Fat Cells Offer Potential for Leukemia Treatment
Published: 2017-10-16 |
Author: Tina Depko |
Source: McMaster University
Researchers with the McMaster Stem Cell and Cancer Research Institute found that boosting adipocytes, or fat cells, located in the bone marrow suppressed cancerous leukemia cells but----in a surprise to the research team---induced the regeneration of healthy blood cells at the same time.
The production of healthy red blood cells is critical for those with acute myeloid leukemia (AML), but is sometimes overlooked as conventional treatments focus on killing the leukemia cells alone. Patients with this disease suffer from anemia and infection due to failure of healthy blood production, all of which are leading causes of hospitalization and death from the disease. The study was published today in the journal Nature Cell Biology.
"Our approach represents a different way of looking at leukemia and considers the entire bone marrow as an ecosystem, rather than the traditional approach of studying and trying to directly kill the diseased cells themselves," said Allison Boyd, postdoctoral fellow with the research institute and first author of the study.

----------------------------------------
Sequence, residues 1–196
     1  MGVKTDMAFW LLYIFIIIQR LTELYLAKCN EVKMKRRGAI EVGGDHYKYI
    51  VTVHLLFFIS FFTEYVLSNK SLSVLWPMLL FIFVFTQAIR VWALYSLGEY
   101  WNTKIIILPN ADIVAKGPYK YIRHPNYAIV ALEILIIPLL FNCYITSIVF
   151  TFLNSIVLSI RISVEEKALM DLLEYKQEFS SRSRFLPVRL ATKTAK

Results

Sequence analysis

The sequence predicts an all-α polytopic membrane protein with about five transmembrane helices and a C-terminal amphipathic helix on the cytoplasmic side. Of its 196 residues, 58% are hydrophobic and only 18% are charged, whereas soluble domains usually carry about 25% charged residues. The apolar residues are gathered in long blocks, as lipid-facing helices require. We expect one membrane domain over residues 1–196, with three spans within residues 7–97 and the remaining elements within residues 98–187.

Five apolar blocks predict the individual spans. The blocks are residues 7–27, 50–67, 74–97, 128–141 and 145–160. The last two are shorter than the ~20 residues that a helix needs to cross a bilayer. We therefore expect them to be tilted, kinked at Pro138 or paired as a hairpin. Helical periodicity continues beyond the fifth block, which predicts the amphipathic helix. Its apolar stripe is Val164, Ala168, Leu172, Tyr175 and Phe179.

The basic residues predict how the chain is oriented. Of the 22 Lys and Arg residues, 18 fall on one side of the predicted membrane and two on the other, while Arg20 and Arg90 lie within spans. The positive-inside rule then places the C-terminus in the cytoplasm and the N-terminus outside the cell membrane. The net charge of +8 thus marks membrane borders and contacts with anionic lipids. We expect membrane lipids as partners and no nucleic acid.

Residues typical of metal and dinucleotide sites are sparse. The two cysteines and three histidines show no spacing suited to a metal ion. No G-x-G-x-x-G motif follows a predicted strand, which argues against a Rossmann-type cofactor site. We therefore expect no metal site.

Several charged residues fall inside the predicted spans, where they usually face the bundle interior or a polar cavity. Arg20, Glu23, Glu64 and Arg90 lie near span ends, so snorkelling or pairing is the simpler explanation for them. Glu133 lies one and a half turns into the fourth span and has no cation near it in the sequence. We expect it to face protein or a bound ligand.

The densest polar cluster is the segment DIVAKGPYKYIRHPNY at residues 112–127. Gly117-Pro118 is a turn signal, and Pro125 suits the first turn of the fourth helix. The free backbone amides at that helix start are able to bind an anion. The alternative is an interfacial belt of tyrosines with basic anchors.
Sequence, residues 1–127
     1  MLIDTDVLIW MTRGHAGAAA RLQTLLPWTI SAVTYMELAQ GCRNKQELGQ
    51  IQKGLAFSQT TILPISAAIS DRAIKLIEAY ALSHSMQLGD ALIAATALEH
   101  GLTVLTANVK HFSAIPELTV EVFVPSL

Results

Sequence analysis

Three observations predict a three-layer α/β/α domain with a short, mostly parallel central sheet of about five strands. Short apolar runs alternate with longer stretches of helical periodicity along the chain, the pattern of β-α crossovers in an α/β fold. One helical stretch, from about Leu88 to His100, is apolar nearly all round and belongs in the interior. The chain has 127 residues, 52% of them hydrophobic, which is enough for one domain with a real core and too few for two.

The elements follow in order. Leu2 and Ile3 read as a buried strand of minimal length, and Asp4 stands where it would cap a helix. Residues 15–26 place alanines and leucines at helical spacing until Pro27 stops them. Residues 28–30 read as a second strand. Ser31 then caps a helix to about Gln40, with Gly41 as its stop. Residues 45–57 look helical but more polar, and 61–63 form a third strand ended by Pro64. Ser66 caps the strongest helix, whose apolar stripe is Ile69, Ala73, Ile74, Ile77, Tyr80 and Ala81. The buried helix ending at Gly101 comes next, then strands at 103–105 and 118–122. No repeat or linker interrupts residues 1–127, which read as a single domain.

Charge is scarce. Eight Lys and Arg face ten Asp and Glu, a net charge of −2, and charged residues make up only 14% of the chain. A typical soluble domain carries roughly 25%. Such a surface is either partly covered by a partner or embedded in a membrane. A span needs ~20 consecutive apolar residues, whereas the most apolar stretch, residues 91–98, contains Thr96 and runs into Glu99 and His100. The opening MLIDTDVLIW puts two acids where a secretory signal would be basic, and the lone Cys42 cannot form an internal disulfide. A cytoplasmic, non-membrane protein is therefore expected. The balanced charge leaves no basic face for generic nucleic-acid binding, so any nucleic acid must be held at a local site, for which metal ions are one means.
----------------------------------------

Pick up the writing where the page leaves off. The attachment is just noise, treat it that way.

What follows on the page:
The McMaster-led study was conducted over the past three and half years and started from observations of leukemia patients. This led to the collection of bone marrow samples from larger cohorts of patients with Ottawa Hospital Research Institute, as well as those from Western University and Hamilton Health Sciences, for the next steps of investigation. This included detailed study and imaging of individual leukemia cells compared to healthy cells residing in the bone marrow, which revealed the effects of targeting fat cells.
A drug commonly used to moderate diabetes that includes fall cell production in the bone marrow was used and was found to help foster red blood cell production as well as suppress leukemia disease.